One of the biggest lessons athletes should learn is that anything you post online enters the public record. High school students should carefully consider their profiles and ask themselves how they would look to a future college admissions officer or potential employer.
Creating your position statement
The following is the position adopted by the Beach District Principals’ Association (Va.). It is only a position statement, as the school board is responsible for adopting a policy.
Social media has become engrained in today’s society. The wide variety of social networking tools presently available provides students easy access to share important news and events with each other. Social media technologies such as Twitter, Facebook, Internet forums, weblogs, social blogs, micro blogging, Wikis, podcasts, photographs, video rating, social bookmarking and others have many benefits in our world; however, they can also be disruptive when inappropriate social media postings occur. Using these communication tools in an inappropriate manner can have negative consequences, especially if unkind words or threats are used with intent to hurt others.
The Beach District Principals’ Association recognizes and supports its student-athletes’ and coaches’ rights to freedom of speech, expression and association, including the use of social networks. In this context, each student-athlete and coach must remember that participating and competing for the Beach District is a privilege, not a right. The student-athlete and coach represent his or her high school and the Beach District, and therefore, they are expected to portray themselves, their teams, and their high school in a positive manner at all times. Any online postings must be consistent with federal and state laws, as well as team, school, school division and Beach District rules and regulations (including those listed below).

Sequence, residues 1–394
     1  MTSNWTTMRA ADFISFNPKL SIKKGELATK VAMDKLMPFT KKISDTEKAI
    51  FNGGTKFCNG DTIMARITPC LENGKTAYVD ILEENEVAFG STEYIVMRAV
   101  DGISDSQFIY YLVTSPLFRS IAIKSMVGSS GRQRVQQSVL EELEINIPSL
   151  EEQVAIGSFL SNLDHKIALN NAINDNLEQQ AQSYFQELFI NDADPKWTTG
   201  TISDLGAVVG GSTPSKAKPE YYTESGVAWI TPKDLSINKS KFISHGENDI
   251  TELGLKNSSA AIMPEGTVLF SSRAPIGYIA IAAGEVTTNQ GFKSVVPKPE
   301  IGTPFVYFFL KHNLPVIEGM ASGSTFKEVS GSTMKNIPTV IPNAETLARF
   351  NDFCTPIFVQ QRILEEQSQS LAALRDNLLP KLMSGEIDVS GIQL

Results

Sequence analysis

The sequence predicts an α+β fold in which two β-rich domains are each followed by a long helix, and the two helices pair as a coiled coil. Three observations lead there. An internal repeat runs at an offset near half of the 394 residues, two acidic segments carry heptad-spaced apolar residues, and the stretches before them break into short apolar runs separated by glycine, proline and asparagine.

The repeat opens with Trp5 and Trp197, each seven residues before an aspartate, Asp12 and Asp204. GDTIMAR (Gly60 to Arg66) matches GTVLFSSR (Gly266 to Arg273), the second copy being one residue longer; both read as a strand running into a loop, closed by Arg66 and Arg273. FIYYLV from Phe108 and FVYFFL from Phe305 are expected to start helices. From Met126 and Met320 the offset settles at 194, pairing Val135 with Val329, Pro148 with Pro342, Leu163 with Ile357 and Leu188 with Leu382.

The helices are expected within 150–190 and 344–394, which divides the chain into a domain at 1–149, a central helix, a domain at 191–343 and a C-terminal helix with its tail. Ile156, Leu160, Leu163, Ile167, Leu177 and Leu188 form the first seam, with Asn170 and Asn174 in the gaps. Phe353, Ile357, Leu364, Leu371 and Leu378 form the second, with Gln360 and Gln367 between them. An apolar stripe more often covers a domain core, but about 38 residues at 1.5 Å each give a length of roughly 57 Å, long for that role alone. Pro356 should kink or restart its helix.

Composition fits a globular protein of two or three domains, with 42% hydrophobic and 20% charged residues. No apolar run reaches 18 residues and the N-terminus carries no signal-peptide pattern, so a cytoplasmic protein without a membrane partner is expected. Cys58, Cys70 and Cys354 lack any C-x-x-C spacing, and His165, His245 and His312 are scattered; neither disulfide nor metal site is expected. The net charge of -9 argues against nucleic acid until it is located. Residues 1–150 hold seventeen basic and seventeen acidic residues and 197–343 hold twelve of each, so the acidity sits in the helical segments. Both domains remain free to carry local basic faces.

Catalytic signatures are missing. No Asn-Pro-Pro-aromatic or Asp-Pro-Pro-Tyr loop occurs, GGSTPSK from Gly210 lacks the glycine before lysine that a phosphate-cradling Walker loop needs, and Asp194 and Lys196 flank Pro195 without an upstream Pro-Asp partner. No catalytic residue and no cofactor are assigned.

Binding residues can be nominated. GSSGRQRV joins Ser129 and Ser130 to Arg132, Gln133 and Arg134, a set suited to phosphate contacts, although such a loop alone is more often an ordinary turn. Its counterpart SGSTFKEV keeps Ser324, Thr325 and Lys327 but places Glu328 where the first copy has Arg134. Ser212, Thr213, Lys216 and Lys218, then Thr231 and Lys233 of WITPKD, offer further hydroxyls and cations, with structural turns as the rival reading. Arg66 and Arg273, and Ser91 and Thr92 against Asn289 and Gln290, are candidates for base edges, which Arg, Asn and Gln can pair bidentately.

Specifically prohibited behaviors include but are not limited to:
- Sexually explicit, profane, lewd, indecent, illegal, or defamatory language/actions.
- Derogatory language regarding school personnel or other students.
- Comments designed to harass or bully students or school personnel.
- Nude, sexually-oriented, or indecent photos, images or altered pictures.
Also prohibited are all on-campus connections to off-campus violations of the policy, including:
- Use of school computers to view off-campus postings.
- Students accessing posts at school on their own devices.
- Distribution of hard copies of posts on school property.
- Re-communication on campus of the content of the posts.